Courthouse Tour de Force



By Tracey Silverman, Texas Historical Commission Planner

Imagine packing your bags and taking five days to visit 13 courthouse gems in Texas. That’s just what staff from the Texas Historical Commission (THC), Preservation Texas and the National Trust for Historic Preservation did starting on January 22 when they visited courthouses in Williamson, Llano, Lampasas, Mills, San Saba, Goliad, Dewitt, Karnes, Bexar, Atascosa, and Wilson counties, not to forget the rededication ceremonies of the Comal and La Salle county courthouses finishing their restorations.

The whirlwind tour kicked off the “I Love Texas Courthouses” campaign, a month-long celebration of Texas’ historic courthouses. The campaign epicenter is, where anyone (including you) can upload photos and personal stories of their favorite courthouses.

You might expect these grand public buildings with their brick and stone walls, ornate carvings, domes, and towers to be the main attraction, captivating and inspiring everyone on the tour. What really stole the show, however, was the outpouring of support and admiration that locals have for their courthouses. Each stop turned out to be a celebration unto itself, where hundreds of residents gathered at their courthouses, holding hearts in their hands. It was a love fest that demonstrated how important courthouses are to their communities, how their meaning stems from how people live around them, work in them, get married in their graceful rooms, play on their steps and lawns, and build memories with the courthouse standing tall as the backdrop.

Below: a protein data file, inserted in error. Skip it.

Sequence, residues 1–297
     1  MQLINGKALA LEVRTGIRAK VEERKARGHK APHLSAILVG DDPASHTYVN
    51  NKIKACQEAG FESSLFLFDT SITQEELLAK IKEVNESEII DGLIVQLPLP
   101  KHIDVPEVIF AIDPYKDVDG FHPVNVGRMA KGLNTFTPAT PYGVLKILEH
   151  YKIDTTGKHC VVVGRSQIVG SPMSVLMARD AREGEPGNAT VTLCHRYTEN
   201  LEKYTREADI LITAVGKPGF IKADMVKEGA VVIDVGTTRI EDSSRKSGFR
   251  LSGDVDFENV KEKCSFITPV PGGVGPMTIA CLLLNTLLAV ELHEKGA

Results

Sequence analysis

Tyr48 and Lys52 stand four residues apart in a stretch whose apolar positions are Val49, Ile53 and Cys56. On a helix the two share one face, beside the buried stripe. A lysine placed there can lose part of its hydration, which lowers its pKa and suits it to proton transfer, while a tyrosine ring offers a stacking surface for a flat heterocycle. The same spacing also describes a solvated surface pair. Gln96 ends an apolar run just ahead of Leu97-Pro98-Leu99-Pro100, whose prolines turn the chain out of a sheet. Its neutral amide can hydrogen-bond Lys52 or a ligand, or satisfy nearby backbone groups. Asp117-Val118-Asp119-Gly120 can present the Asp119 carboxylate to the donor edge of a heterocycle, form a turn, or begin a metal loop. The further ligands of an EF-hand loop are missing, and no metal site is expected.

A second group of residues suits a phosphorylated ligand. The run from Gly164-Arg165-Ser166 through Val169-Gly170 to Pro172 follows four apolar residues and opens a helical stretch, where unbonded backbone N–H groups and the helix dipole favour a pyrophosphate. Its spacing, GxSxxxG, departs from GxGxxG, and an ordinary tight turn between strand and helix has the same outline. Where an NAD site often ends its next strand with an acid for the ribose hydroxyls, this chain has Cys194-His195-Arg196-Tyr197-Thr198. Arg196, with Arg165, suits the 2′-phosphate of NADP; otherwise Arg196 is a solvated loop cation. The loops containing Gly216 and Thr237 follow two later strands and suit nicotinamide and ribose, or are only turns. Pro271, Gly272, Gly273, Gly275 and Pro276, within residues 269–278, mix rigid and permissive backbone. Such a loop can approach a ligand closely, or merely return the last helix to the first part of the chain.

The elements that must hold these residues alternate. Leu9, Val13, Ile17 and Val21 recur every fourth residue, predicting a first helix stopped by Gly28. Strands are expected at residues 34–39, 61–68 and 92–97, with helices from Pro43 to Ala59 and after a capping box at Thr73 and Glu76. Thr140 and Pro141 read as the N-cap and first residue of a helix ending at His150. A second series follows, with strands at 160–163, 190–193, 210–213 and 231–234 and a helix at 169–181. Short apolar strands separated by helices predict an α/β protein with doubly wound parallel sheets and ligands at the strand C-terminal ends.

All the recent visits to the courthouses were memorable; here are just a few highlights.

San Saba County Courthouse in San Saba

The San Saba County Courthouse, built in 1911, is punctuated by its four doric columned entrance, grand cupola, and “From the people to the people” carved in the entablature. San Saba is one of the courthouses on the tour that has not yet received a full construction grant from the Texas Historic Courthouse Preservation Program (THCPP), but the locals are working hard to make that a reality. Bess Graham, a project reviewer for the THCPP, was struck by the passion the residents have for their courthouse, as well as the solidarity she found between San Saba and the counties surrounding it: “As we toured the counties next to San Saba, they all said ‘You really need to fund San Saba!’ When we got to San Saba for the tour and photo shoot, a contingency from adjacent Mills County, including the county judge and commissioners, showed up in support. Mills County is actually serving as a mentor to San Saba for their application to the program.”

David Williams, chair of the San Saba County Historical Commission, as well as the Courthouse Restoration Association, organized the tour and a special luncheon with less than a week’s notice. More than 50 people graced the steps of the courthouse to show their love, including the San Saba county judge, the city manager and mayor, elementary school kids, and the officials from Mills County. San Saba County Judge Byron Theodosis summed it up best: “In San Saba County, we are old-fashioned. We see the courthouse as the heart of our county. And just as with our physical bodies, when the heart is healthy, so is our society.”